A discussion of working memory and how it affects our children.
Sometimes when children are battling to cope with classroom demands, poor working memory is to blame. This cognitive function is difficult to identify without proper testing and can sometimes look like a problem with concentration. Although, we do know that this difficulty also goes hand in hand with diagnosed disorders such as ADHD, learning disability and language difficulties.
WHAT IS WORKING MEMORY?
Working memory is a kind of work space that we use to store information for short periods of time. We hold the information there while we use it. For example, very simply, if you were asked to add 8 and 3 then take away 4, you would need to keep the first answer in your working memory space before you dealt with the second part of the task.
HOW DOES IT AFFECT US?
If a learner can’t hold onto the information or have a ‘mental workspace’ they have to start the task over and this slows down their work pace and may appear as if they have not grasped the relevant concepts. According to Holmes (2012), working memory plays a crucial role in supporting learning and maintaining focussed behaviour in the classroom.
Our children require good, well-functioning working memory systems to perform a variety of tasks:
- comprehend a text that they are reading,
- do mathematical problem solving,
- complete written language and
- follow multi-step classroom instructions.
We are finding more and more learners who are showing difficulties with working memory. Nicholas Carr, in his book The Shallows: What the Internet Is Doing to Our Brains, copyright 2010), discusses the negative impact the use of technology is having on our memory systems – particularly working memory. We take a quick shot of things we would previously have had to retain; kids flip back to the previous pictures in an online story – this would have been more difficult if the story was being read to them – they would have had to remember. He also explains that as adolescents or adults we have a mental sketch pad which is our working memory space. This space is overloaded with the onslaught of information from TV; Social media etc., and so our working memories cannot take that information and link it to past experiences or other knowledge. The ‘sketch pad’ is too full.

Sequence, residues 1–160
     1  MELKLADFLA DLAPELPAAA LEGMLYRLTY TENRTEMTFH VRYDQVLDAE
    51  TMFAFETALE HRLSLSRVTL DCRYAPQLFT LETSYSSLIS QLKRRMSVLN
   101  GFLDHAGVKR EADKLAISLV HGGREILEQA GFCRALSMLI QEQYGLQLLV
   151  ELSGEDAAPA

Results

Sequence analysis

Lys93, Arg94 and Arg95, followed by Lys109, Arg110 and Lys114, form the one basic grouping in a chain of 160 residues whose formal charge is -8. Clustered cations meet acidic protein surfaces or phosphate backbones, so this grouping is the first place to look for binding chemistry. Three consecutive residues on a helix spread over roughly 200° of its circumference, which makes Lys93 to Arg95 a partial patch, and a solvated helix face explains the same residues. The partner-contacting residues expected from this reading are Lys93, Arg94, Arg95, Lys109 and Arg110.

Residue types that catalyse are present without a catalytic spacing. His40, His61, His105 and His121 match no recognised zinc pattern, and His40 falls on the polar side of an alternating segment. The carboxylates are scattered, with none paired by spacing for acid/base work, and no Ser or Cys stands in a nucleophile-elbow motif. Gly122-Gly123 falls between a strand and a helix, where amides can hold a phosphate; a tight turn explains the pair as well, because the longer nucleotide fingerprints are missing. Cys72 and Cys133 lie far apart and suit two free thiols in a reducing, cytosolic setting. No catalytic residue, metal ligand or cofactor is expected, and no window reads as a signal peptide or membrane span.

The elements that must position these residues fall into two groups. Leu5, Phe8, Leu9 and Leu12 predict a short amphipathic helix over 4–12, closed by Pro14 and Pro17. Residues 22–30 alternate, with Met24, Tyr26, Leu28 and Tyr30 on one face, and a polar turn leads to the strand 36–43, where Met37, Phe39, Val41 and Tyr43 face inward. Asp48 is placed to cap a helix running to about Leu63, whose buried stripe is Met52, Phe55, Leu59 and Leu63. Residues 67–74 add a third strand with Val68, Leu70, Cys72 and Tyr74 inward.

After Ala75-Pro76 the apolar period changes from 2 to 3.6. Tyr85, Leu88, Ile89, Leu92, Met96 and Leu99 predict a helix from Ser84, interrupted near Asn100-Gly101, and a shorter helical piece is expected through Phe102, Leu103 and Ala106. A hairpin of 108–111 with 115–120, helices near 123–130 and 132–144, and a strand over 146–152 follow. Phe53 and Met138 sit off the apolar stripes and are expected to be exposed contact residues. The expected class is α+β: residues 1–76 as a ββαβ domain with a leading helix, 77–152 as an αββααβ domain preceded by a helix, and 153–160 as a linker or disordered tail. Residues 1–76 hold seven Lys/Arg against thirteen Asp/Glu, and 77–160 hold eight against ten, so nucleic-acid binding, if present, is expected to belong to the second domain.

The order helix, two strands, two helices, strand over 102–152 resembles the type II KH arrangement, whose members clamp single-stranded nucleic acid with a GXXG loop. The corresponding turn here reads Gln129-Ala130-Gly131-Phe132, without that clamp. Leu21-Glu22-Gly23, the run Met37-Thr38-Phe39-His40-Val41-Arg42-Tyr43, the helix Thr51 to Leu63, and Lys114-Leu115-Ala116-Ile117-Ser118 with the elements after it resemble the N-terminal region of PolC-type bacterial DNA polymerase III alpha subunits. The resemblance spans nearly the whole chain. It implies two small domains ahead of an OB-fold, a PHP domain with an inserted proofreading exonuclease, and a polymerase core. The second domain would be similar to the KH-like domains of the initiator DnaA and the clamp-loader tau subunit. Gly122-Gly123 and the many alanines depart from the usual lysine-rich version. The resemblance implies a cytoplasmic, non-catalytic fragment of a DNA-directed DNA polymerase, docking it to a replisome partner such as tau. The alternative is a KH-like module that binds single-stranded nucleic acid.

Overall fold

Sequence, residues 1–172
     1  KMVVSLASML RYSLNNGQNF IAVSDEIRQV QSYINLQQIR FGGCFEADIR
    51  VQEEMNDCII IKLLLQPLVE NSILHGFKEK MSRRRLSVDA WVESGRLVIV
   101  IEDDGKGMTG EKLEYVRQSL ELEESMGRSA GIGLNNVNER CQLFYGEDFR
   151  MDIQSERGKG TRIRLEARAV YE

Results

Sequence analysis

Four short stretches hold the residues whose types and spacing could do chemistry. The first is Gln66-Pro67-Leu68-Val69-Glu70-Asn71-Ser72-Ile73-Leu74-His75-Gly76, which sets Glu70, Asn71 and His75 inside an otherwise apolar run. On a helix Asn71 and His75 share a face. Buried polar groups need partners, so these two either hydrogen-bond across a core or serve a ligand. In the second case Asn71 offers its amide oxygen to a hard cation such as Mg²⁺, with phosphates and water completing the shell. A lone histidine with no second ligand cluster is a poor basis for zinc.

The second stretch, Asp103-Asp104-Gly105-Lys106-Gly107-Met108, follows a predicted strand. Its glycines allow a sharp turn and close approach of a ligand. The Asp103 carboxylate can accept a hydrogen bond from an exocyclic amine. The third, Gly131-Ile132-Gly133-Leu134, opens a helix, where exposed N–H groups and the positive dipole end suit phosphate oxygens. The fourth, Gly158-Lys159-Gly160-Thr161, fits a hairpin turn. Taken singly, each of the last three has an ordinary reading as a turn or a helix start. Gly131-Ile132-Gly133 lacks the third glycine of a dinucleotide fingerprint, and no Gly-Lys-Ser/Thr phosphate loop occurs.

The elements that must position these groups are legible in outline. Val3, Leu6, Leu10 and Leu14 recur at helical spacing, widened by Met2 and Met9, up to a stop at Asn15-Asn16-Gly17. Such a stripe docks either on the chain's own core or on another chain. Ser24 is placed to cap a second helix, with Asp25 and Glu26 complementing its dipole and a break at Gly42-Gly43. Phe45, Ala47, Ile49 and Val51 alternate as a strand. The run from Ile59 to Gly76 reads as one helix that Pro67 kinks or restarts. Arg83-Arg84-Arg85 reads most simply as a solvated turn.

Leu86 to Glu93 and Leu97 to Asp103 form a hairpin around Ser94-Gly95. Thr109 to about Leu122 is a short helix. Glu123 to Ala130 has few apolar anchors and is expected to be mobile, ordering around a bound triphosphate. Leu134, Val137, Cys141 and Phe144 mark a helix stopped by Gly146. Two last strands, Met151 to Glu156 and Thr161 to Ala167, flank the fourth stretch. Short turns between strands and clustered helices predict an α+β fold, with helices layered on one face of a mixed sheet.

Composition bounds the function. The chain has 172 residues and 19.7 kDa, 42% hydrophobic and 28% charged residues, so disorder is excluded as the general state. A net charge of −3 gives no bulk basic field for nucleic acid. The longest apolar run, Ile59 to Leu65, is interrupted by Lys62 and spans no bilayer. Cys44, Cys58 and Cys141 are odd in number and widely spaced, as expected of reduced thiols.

WHAT CAN WE DO ABOUT IT?
The good news is that working memory is proven to be one of the cognitive skills that can be trained and developed.
- Tips to assist your child in developing their working memory:
- Brain fitness games. These programs have been designed to help learners: Cogmed, and Jungle Memory2 (these are apps or computer based games)
- Verbal repeat. Repeat a sequence of colours or objects for the child to recall. For example, you can repeat a number sequence like “1, 5, 8, 17” and ask your child what number comes after 5. Over time, the number of items can be expanded as your child improves in his or her working memory.
- Playing chess helps the child to grow his/her memory as it requires him or her to hold all the pieces of information and to see the big picture.
- Play card games. The old fashioned games like dominoes, go fish and even poker ensure that children remember who had which card as they learn to play strategically.
- Read to them. Reading to your children especially without too many pictures makes children hold onto the story line in their mind’s eye.
These are fun ways to help your child develop their working memory skills!
Speech and Language Therapist
Carr, N. (2010). The Shallows : What the Internet is Doing to Our Brains. W Norton & Company.
Holmes, D. J. (2012). Working Memory and Learning Difficulties. The Dyslexia Review, 7-10.